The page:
Most importantly, Lee rejects the notion, persistent among some conservatives, that there’s something bad about knocking low-income families off the tax rolls. The centerpiece of Lee’s bill is an expanded child tax credit that would not only reduce income taxes to zero, but also offset payroll taxes.

In doing so, he explicitly rejects Romney 47-percentism: “Working families are not free riders.” …

Remember, this sort of talk isn’t coming from the squishy center, but from the Red Meat Right – from Utah, to be precise. And it could represent a much-needed libertarian-populist wave in the GOP because it comes from the same well from which the Tea Party sprung.

The pro-family sociologist W. Bradford Wilcox weighed in immediately following the speech in a follow-up panel, then continued his remarks over at The Atlantic

Senator Lee’s proposal is only one step in the right direction. But what’s particularly encouraging about his proposal is that it would lift the sagging economic fortunes of many working-class families by targeting their payroll taxes. Let’s hope more Republicans (and Democrats) take a page from Lee’s playbook and seek policies that renew the flagging economic fortunes of family life in all too many of our nation’s poor and working class communities.

Last, but furthest from least, Pete Spiliakos is over the moon:

I can’t say enough good things about this speech on family-friendly tax reform by Utah Senator Mike Lee. It is a beautifully written argument for a Republican tax agenda that prioritizes the interests of middle-class and struggling working parents. Lee’s speech also contains some powerful but very civil criticisms of the ideas underlying Romney’s 47% comment and Rand Paul’s flat tax proposal. Lee’s identity as an insurgent, constitutionalist, Tea Partier allows him to position middle-class-oriented populism as authentically conservative. This is a huge step toward making the GOP a more middle-class-friendly party.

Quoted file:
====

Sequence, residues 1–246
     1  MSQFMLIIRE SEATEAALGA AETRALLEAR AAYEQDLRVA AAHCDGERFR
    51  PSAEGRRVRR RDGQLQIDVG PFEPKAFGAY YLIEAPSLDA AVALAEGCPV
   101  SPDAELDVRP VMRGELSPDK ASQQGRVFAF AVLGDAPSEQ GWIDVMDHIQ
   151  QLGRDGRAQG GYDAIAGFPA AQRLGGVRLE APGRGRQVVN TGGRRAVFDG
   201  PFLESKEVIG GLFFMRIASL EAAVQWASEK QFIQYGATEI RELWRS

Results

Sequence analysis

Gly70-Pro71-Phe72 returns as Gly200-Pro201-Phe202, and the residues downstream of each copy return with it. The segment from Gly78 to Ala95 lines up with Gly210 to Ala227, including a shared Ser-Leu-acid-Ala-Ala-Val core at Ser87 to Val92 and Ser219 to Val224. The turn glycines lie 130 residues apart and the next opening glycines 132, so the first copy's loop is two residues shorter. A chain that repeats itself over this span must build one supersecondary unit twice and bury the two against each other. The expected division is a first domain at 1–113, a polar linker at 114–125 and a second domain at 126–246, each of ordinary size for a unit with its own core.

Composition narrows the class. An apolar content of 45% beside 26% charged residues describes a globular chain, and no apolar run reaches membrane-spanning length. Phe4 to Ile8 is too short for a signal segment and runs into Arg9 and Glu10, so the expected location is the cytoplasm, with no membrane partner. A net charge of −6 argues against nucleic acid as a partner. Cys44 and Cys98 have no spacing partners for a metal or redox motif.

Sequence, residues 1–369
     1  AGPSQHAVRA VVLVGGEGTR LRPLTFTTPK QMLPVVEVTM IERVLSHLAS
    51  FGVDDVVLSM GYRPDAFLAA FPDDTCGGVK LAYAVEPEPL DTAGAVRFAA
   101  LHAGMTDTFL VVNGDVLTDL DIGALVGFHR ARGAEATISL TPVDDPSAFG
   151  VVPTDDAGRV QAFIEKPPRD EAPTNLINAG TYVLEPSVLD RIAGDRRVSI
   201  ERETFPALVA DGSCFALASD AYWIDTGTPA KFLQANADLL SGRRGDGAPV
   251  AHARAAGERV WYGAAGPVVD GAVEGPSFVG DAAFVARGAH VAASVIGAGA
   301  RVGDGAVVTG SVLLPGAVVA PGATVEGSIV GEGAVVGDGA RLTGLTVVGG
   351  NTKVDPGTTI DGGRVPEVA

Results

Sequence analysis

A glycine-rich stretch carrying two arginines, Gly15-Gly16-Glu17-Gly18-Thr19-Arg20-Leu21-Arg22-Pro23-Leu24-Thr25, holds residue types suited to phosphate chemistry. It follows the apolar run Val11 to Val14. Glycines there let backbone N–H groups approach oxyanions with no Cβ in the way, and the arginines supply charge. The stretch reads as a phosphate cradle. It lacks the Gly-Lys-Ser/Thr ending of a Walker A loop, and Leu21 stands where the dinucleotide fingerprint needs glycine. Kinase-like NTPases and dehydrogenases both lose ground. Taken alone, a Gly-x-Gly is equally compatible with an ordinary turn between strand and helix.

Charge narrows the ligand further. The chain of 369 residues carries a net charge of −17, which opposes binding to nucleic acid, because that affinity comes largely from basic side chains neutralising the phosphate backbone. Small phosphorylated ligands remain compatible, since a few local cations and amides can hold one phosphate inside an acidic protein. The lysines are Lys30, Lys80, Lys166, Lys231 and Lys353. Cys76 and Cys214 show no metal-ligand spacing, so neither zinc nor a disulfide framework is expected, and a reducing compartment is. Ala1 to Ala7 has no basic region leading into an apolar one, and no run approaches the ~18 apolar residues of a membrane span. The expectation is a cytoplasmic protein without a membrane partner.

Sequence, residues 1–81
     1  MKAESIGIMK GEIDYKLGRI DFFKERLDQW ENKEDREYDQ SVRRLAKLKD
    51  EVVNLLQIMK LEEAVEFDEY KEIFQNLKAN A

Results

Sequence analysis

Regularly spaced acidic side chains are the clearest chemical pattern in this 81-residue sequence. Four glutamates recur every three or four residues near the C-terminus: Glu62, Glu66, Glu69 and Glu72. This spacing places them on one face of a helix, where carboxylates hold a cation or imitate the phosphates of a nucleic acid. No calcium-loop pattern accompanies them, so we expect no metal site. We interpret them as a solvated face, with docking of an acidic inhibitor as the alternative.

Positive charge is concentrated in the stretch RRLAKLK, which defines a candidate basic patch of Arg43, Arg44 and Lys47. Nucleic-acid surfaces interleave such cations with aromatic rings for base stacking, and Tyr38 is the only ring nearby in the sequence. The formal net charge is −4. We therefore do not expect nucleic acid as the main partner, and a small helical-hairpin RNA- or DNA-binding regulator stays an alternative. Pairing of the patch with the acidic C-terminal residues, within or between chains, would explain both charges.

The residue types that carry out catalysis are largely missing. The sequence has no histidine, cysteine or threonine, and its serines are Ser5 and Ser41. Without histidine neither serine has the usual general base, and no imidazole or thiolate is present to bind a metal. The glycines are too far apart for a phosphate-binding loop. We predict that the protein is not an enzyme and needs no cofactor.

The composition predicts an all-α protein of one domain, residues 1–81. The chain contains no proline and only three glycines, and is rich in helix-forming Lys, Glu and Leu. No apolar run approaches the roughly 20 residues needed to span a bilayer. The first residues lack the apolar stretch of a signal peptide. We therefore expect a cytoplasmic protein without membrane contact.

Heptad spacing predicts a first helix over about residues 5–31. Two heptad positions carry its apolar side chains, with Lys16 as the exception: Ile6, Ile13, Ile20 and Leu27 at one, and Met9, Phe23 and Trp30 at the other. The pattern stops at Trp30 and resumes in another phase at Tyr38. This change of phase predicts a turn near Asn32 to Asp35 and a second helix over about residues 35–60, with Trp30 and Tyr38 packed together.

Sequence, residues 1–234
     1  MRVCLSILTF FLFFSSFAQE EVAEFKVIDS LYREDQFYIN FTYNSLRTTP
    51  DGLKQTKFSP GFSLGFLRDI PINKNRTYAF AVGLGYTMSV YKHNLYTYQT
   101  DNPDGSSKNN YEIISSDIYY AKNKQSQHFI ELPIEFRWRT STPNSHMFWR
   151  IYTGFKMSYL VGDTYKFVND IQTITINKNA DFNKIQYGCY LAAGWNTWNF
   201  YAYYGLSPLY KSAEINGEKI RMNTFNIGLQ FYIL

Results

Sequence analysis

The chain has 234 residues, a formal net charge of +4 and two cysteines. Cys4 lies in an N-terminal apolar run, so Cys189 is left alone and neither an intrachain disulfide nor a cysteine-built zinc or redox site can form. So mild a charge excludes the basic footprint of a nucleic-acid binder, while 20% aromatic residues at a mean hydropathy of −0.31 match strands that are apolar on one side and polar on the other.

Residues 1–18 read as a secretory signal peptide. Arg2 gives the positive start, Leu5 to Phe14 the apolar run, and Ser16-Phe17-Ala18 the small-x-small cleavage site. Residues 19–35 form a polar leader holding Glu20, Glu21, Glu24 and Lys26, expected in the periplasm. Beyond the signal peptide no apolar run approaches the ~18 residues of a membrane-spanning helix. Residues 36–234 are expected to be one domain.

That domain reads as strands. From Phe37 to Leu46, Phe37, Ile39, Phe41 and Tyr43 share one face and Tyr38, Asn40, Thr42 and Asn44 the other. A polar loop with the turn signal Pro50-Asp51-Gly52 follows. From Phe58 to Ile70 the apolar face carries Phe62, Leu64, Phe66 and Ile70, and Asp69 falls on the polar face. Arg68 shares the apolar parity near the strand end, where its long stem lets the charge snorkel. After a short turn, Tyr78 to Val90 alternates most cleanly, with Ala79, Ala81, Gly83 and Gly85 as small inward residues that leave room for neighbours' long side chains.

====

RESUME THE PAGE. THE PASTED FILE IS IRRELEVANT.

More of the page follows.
There are a few features of the speech that stand out for special notice. One is Lee’s willingness to put payroll taxes on par with income taxes. Because income taxes are disproportionately paid by the well-off, and payroll taxes disproportionately by the working-class, payroll taxes have been ignored by the Republican Party. Getting a sitting Senator to recognize their importance is itself a great achievement. Another is Lee’s push back against the flat tax and consumption tax crowd, prioritizing families (despite his verbal acrobatics) and representing a real departure from traditional strains of economic and libertarian thinking about tax policy.

Finally, this is a tax plan that makes philosophical concessions to the world as it is, not as it might be in an economics text book. As Tim says, it tacitly accepts a progressive tax code, and accepts that the rich should pay more. Also, its core justification recognizes the future survival of the welfare state and adjusts families’ taxes to better reward them for contributing to its solvency and society’s well being. This is no mean thing.